Although they were never the most glamorous of warships, US Navy frigates were frequently found on the frontlines of the Cold War at sea. These warships were the descendants of World War II's destroyer escorts, designed primarily to escort convoys. They specialized in anti-submarine warfare, but were intended to be numerous, tough, versatile, and well-armed enough to demonstrate US naval power around the world, performing roles that varied from intercepting drug-smugglers to defending aircraft carriers.
When the Cold War turned hot, frigates were often there. It was a US Navy frigate, Harold E. Holt, that conducted the US Navy's first hostile boarding action since 1826 during the SS Mayaguez incident. Frigates were at the forefront of operations in the Persian Gulf during the Tanker War, with the frigate USS Stark suffering a notorious Exocet attack by Iraqi warplanes, and proving the Oliver Hazard Perry-class's legendary toughness.
This book explains how the technology and design of frigates changed during the Cold War, how the classes were modified to keep up to date, and explores the many varied missions they performed during the Cold War and since.
NVG: US Navy Gunboats 1885–1945
For more than half a century, American gunboats were the ships often responsible for policing small crises and provided deterrence and fast-response capabilities around the world. Many US gunboats were built, purchased, or reassembled overseas, where they usually served out their entire careers, never coming within 7,000 miles of the national homeland which they served. Numerous gunboats were captured from the Spanish during the 1898 war, many being raised from shallow graves, refurbished, and commissioned into USN service.
The classic haunt of US gunboats was the Asiatic Station of China and the Philippines. The major operational theaters associated with the US gunboats were the pre-1898 cruises and patrols of the earliest steel gunboats, the Spanish-American War of 1898 (both the Philippines and the Caribbean), the guerilla wars of the early 20th century Philippines and Latin America, the Asiatic Fleet and Yangtze Patrol of the 1890s-1930s, and finally World War II, which largely entailed operations in China, the Philippines, the Dutch East Indies, Alaska, and on convoy routes. It was Japan’s sudden 1941-1942 'Centrifugal Offensive' that effectively spelled the beginning of the end not just of most American gunboats, but also the century-old world order in Asia that had provided US gunboats with their primary mission.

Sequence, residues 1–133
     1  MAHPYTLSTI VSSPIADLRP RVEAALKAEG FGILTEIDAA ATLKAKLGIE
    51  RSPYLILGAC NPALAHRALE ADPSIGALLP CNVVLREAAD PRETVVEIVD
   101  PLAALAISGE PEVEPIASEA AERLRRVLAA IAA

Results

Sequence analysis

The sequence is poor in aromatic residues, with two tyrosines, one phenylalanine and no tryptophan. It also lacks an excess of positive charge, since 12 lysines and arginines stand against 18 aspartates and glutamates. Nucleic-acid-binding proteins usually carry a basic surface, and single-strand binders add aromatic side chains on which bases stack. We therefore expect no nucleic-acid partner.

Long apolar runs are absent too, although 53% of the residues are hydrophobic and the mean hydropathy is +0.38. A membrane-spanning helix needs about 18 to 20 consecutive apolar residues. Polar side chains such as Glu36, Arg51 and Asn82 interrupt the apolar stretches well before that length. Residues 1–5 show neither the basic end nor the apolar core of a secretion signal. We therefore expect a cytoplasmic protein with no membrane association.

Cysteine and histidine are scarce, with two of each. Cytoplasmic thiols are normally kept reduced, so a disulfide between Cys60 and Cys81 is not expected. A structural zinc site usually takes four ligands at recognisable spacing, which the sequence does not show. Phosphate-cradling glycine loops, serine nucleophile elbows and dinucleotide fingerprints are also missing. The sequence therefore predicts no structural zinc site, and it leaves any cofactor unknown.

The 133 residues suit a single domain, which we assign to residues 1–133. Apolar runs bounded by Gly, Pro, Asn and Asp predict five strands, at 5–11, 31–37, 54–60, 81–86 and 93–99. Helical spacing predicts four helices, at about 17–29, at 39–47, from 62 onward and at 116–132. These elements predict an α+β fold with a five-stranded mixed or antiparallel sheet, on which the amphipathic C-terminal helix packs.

NVG: Vehicles of the Long-Range Desert Group 1940–45
The Long Range Desert Group was one of the most famous special units of World War II, operating heavily modified vehicles deep behind enemy lines to gather intelligence and support the raids of David Stirling's new Special Air Service.
When war broke out, a pre-war explorer and army officer, Ralph Bagnold, convinced Middle East Command of the need for a reconnaissance force to penetrate into Italian-held desert. Bagnold tested four types of vehicles over rocks and through soft sand to find the best one for his new unit. He selected the Chevrolet WB (30 CWT) as the signature vehicle of the Long Range Desert Group because it is 'fast, simple and easy to handle'. With left-hand steering, horizontal grill and round fenders on the rear wheels, these trucks proved themselves popular and effective. The durability of the Chevrolets was demonstrated in January 1941 with an audacious raid on the Italian fort/air strip at Murzuk, hundreds of miles behind enemy lines.
This book explains the detail of all the vehicles of the LRDG, as well as their modifications, driving techniques, and special kit for surviving behind enemy lines in one of the most hostile environments on earth.
NVG: Warships in the Spanish Civil War
In July 1936, a pro-fascist coup orchestrated by General Franco tore Spain apart and plunged the country into a bitter civil war. Like Spain itself, the Spanish Navy was torn in two: the crews and most ships remained loyal to the Republican government while most of the Navy’s officers joined Franco's rebels. Warships under repair or 'mothballed' in southern ports soon fell to the rebel advance and formed the basis of Franco’s 'Nationalist fleet' that with both Italian and German help, was able to contest the Republic's control of Spanish waters.
This New Vanguard title looks at the composition and organization of the two rival fleets, examining the capabilities of their ships and submarines, and the performance and motivation of their crews. It also takes a brief look at how both sides fared in action and, in addition, examines the warships of the Basque Auxiliary Navy - an offshoot of the Republican Fleet - and other navies who played a part in the conflict, most notably the Italian Regia Marina. The composition and capability of Spain’s Aeronática Naval (naval air force) and its Infantería de la Marina (marines) is also examined and how they contributed to the outcome of the coup.